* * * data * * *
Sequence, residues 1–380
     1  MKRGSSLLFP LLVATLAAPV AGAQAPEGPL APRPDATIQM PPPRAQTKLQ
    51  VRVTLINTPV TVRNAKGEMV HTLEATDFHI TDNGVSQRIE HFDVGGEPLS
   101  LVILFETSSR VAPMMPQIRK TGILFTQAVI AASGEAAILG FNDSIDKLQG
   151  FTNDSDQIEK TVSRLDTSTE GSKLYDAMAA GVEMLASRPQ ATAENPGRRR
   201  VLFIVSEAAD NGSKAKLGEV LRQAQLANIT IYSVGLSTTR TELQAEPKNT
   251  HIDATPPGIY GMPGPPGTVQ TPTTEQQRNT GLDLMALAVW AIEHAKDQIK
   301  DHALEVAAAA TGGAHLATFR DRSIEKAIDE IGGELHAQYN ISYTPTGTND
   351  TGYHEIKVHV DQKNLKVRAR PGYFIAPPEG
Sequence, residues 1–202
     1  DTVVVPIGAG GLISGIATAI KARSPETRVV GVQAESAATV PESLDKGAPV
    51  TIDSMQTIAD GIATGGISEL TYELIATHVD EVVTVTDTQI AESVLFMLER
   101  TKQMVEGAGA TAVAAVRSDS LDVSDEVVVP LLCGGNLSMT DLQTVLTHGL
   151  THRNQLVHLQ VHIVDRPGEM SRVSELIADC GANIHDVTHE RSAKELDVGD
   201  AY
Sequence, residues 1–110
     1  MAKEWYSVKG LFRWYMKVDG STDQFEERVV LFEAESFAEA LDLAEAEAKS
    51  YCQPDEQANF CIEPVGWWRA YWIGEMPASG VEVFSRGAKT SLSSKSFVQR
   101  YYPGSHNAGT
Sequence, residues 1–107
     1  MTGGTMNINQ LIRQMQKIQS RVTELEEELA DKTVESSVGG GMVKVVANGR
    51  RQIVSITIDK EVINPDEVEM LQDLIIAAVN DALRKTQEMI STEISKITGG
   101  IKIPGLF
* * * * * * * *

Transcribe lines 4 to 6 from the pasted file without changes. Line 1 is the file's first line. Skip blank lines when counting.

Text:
   101  LVILFETSSR VAPMMPQIRK TGILFTQAVI AASGEAAILG FNDSIDKLQG
   151  FTNDSDQIEK TVSRLDTSTE GSKLYDAMAA GVEMLASRPQ ATAENPGRRR
   201  VLFIVSEAAD NGSKAKLGEV LRQAQLANIT IYSVGLSTTR TELQAEPKNT